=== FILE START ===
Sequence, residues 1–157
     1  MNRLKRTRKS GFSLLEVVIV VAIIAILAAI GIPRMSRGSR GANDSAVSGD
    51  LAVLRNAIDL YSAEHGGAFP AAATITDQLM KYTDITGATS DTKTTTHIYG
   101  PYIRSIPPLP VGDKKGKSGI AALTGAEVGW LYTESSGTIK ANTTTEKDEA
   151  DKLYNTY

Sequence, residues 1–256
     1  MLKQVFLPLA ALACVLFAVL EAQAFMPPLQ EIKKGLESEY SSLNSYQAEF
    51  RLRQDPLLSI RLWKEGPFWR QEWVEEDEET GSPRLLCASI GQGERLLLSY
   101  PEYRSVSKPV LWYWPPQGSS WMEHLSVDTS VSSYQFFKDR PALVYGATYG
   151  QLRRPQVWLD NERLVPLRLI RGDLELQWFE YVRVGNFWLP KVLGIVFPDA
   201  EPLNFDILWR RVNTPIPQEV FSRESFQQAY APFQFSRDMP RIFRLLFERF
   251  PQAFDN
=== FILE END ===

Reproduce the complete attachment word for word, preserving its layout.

Sequence, residues 1–157
     1  MNRLKRTRKS GFSLLEVVIV VAIIAILAAI GIPRMSRGSR GANDSAVSGD
    51  LAVLRNAIDL YSAEHGGAFP AAATITDQLM KYTDITGATS DTKTTTHIYG
   101  PYIRSIPPLP VGDKKGKSGI AALTGAEVGW LYTESSGTIK ANTTTEKDEA
   151  DKLYNTY

Sequence, residues 1–256
     1  MLKQVFLPLA ALACVLFAVL EAQAFMPPLQ EIKKGLESEY SSLNSYQAEF
    51  RLRQDPLLSI RLWKEGPFWR QEWVEEDEET GSPRLLCASI GQGERLLLSY
   101  PEYRSVSKPV LWYWPPQGSS WMEHLSVDTS VSSYQFFKDR PALVYGATYG
   151  QLRRPQVWLD NERLVPLRLI RGDLELQWFE YVRVGNFWLP KVLGIVFPDA
   201  EPLNFDILWR RVNTPIPQEV FSRESFQQAY APFQFSRDMP RIFRLLFERF
   251  PQAFDN